1. Skip to content
  2. Skip to main menu
  3. Skip to more DW sites

Tens of thousands join Swiss climate march

September 28, 2019

Tens of thousands of people have marched in Bern for more climate action, in one of Switzerland's largest protests in years. Three weeks before an election, a quarter of voters said climate policies are a top issue.

People demonstrate in Bern, Switzerland, during a "National Climate Strike" to protest a lack of climate awareness
Image: picture-alliance/Keystone/A. Anex

At least 60,000 people have marched in the Swiss capital, Bern, to call for urgent action to stop climate change, just weeks before a federal election in which the issue is topping voters' concerns.

The crowd — by some estimates as many as 100,000 people — was made up of mostly young protesters but also families, who attended the demonstration as part of a weeklong series of protests worldwide. It was one of the biggest demonstrations in Switzerland in years.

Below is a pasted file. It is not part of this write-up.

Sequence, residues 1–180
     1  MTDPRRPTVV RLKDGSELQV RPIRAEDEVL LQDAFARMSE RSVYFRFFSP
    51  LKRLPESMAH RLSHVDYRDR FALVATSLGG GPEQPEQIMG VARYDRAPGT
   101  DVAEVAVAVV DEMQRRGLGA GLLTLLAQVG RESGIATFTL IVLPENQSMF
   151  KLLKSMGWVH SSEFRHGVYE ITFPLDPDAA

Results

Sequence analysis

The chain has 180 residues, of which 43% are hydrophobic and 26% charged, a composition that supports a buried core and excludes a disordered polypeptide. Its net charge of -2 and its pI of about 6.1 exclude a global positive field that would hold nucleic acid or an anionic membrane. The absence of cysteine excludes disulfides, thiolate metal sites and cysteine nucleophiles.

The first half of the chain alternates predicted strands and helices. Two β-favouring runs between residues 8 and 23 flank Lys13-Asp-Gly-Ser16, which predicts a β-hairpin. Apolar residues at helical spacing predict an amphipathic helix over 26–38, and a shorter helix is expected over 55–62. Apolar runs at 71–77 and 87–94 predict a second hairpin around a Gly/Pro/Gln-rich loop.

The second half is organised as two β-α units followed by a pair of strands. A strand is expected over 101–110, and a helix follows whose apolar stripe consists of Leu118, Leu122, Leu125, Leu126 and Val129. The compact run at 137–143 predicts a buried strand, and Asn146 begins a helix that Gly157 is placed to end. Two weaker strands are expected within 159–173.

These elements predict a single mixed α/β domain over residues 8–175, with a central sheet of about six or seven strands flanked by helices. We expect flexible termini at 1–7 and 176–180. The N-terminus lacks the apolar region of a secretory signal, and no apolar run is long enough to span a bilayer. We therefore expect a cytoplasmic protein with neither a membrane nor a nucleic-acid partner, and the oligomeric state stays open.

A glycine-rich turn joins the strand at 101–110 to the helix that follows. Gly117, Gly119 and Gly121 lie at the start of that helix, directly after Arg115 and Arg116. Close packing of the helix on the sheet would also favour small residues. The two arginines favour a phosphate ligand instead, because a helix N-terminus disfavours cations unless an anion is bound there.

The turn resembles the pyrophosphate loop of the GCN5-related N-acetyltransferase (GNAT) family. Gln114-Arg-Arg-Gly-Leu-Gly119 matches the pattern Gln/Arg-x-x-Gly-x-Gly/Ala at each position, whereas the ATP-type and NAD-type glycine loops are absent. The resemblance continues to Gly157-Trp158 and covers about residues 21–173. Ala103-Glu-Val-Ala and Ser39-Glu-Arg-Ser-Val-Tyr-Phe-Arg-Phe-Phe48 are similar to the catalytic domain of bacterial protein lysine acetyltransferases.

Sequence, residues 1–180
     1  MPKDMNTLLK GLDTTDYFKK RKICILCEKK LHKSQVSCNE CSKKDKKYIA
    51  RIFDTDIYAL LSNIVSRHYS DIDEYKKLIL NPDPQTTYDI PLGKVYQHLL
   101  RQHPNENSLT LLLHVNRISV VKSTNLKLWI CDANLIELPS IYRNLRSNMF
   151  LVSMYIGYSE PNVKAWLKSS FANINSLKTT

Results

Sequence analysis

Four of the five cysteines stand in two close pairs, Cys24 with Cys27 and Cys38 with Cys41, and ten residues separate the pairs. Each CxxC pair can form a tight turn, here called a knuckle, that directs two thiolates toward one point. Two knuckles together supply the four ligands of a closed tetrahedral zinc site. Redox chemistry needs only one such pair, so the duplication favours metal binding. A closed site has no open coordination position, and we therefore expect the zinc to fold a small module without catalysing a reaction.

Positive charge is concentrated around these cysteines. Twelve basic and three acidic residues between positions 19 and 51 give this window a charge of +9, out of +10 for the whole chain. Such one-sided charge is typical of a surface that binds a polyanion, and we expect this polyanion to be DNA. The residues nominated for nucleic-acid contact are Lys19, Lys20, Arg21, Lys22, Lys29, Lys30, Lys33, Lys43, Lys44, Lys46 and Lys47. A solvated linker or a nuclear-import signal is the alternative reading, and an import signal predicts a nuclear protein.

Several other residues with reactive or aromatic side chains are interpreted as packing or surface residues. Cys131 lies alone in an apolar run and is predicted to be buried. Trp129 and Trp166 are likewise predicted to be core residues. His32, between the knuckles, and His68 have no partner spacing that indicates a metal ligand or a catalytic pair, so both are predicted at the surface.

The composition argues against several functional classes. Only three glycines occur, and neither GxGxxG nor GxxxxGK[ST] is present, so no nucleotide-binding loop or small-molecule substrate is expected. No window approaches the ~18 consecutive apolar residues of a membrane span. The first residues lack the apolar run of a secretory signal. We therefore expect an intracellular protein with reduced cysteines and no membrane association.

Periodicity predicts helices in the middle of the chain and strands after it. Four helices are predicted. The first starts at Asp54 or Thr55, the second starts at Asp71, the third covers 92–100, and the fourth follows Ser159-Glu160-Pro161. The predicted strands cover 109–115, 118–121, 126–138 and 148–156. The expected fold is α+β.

Read moreClimate emergency trend gains traction in German-speaking countries

More than 80 organizations took part in the protest, demanding an exit from coal, gas and oil — and that Swiss banks stop funding these sectors.

To highlight the urgency of climate protection, more than 150 churches rang their bells at 2:30 p.m. local time, the Neue Zürcher Zeitung newspaper reported. Many of the churches left their clock towers at five minutes to 12 to show that humans are running out of time. 

Read more: Why do climate change skeptics ignore climate change facts?

Climate a top issue

Saturday's march comes ahead of the Swiss federal election on October 20. According to pollster Sotomo, 38% of voters name climate change as the country's greatest political challenge, the second-most important issue after health insurance premiums.

Twenty-five percent of voters say climate change and carbon dioxide emissions would be relevant to their voting decision.

cw/cmk (AFP, dpa)Every day, DW's editors send out a selection of the day's hard news and quality feature journalism. You can sign up to receive it directly here.